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Civil War batteries of Helena, Arkansas facts for kids

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Battery C Site
BatteryCView.jpg
View of Battery C
Location Clark and York Sts., Helena, Arkansas
Area 10 acres (4.0 ha)
Built 1863 (1863)
NRHP reference No. 78000615
Added to NRHP December 1, 1978

The Civil War batteries of Helena, Arkansas are a series of four defensive earthworks erected in Helena, Arkansas by Union Army forces during the American Civil War. The four batteries played a significant role in the Battle of Helena, fought on July 4, 1863, which secured the Arkansas side of the Mississippi River for the Union. They are listed individually on the National Register of Historic Places.

Historical background

Helena, Arkansas is strategically located at the southern end of Crowley's Ridge, a land formation providing significant views over the Mississippi River. It was occupied by Union Army forces in 1862, and was used by them as a staging point for supporting troops in the Siege of Vicksburg, MS, which began in May 1863. These forces constructed a ring of defenses around the city to guard the major land approaches, and control the high ground overlooking Fort Curtis its major base just west of the city. The Union Navy controlled the Mississippi, with the USS Tyler stationed nearby. The defenses built by the forces commanded by General Benjamin Prentiss at Helena included artillery batteries, rifle pits, and abatis.

Confederate leaders in Arkansas planned an offensive in June 1863 to retake Helena and cut the Union supply line, relieving the pressure on besieged Vicksburg. Under the overall command of General Theophilus H. Holmes, Confederate forces launched an attack on Helena on July 4, 1863, the same day that Vicksburg was surrendered to Union forces. Prentiss ordered the construction of these four batteries in response to increased Confederate activity in the surrounding area in late June. The coordination of the separate elements of the Confederate attack were frustrated by felled trees laid across the approach roads by the defenders, and were eventually subjected to fire from all four batteries, as well as from the supporting Navy ships. Although the Confederates successfully took Battery C, fire from the other three drove them back. An assault on Battery D reached its rifle pits, but got no further. The Confederates suffered more than 1,600 casualties, to 239 for Union forces.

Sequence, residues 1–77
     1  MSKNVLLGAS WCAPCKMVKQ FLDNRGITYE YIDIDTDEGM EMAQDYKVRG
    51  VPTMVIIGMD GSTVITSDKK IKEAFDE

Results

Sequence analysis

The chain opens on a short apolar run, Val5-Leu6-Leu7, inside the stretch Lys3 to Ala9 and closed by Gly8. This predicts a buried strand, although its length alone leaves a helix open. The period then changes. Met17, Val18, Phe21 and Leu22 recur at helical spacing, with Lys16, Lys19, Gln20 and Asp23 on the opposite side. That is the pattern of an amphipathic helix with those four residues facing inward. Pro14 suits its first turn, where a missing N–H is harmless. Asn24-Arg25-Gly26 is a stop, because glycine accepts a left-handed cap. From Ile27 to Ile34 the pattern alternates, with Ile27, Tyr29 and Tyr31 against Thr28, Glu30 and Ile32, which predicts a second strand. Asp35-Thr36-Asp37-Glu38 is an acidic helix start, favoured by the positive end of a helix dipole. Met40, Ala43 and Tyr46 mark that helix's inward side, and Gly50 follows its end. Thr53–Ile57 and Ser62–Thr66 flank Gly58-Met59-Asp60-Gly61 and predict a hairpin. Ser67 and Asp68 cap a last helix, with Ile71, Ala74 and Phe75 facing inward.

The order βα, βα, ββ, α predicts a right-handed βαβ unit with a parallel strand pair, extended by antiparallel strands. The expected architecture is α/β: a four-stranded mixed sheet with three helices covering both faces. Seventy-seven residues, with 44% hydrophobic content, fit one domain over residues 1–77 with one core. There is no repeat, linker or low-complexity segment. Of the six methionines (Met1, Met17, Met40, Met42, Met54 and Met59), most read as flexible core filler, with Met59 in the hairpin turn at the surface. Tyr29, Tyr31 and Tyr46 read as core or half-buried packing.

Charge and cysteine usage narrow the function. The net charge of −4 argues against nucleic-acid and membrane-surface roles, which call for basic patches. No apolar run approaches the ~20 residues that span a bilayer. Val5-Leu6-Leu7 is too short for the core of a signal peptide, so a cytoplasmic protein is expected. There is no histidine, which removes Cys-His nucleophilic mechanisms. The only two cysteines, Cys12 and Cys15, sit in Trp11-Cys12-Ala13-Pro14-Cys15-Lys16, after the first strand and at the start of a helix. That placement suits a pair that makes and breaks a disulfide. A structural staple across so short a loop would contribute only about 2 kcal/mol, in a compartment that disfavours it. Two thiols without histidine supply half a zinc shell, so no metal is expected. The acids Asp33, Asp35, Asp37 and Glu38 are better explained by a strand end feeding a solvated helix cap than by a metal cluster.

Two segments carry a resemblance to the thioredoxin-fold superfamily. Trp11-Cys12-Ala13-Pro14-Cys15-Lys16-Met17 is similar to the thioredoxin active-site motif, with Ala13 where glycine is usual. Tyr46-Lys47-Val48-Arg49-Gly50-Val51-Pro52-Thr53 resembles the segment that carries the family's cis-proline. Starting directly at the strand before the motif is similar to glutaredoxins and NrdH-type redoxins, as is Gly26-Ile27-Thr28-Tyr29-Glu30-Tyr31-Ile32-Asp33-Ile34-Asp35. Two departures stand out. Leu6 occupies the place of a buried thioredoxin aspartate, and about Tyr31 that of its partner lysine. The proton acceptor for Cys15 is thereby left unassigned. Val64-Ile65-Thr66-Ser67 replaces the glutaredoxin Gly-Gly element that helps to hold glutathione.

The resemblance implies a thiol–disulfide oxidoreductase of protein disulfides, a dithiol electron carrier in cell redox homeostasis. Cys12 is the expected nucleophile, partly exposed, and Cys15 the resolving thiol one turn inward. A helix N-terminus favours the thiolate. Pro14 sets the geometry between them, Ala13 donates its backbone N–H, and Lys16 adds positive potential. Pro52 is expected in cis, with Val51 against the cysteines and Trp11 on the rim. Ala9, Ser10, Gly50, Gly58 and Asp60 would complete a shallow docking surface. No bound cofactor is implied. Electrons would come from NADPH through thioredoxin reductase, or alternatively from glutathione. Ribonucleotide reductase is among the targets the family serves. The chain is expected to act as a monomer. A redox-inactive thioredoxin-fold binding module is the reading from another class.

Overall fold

Battery A

Battery A is located on a 4-acre (1.6 ha) parcel at 34°32′15″N 90°35′33″W / 34.53750°N 90.59250°W / 34.53750; -90.59250 (Battery A), atop Rightor Hill northwest of the junction of Adams and Columbia Street. This battery overlooked the Old St. Francis Road and the Sterling Road. It was manned by the 33rd Missouri and the 29th Iowa, who easily repulsed forces led by General John S. Marmaduke that were trying to take it.

Battery B

Battery B is located on a 1-acre (0.40 ha) parcel at 34°32′2″N 90°35′51″W / 34.53389°N 90.59750°W / 34.53389; -90.59750 (Battery B), atop Carvill Hill northeast of the junction of Liberty Street and Summit Road, and several hundred yards southwest of Battery A. It overlooked the Upper St. Francis Road, and was manned by members of the 33rd Missouri. This battery was never itself endangered, and fired on Confederate forces attempting to reach Batteries A and C.

Battery C

Battery C was located on what is locally called Graveyard Hill, south of Clark and west of York Street (34°31′29″N 90°35′39″W / 34.52472°N 90.59417°W / 34.52472; -90.59417 (Battery C)), and is now a city park. The hill exhibits few surviving remnants of the intense fighting that took place here, because a significant portion of its eastern slope was removed in the 1930s for the construction of levees, and erosion has claimed most of the evidence on the hilltop of the earthworks and rifle pits. Battery C was manned by members of the 33rd Missouri, and provided supporting fire for the other positions in the early stages of the battle, until the Confederates began a direct assault on it. Its large guns were spiked by the Union forces before they withdrew, and established a defensive line about 250 yards (230 m) east of the summit. This area was the subject of intense fighting, and bombardment from the other three batteries and the gunboats. Confederate attempts to carry the assault to Fort Curtis and Battery D were turned back, and they withdrew from the battery before they had a chance to bring up their own artillery.

Battery D

Battery D stands on Hindman Hill, off Military Road southwest of downtown Helena (34°31′5″N 90°35′22″W / 34.51806°N 90.58944°W / 34.51806; -90.58944 (Battery D)), and overlooked the main road between Helena and Little Rock. Of the four batteries, it is the one that is the best preserved, with its earthworks and rifle pits still evident near the crest of the hill. The battery was manned by Union forces from Iowa, Missouri, and Indiana, and was the target of a Confederate assault launched at daybreak by Arkansas forces commanded by Brigadier General James F. Fagan. They successfully penetrated three levels of rifle pits despite withering fire from batteries C and D. Reinforcements sent to support the assault from Battery C were repulsed, and Fagan was ordered to withdraw. His orders did not reach all of his men, however, and a pocket of Confederates was surrounded and captured as a result.

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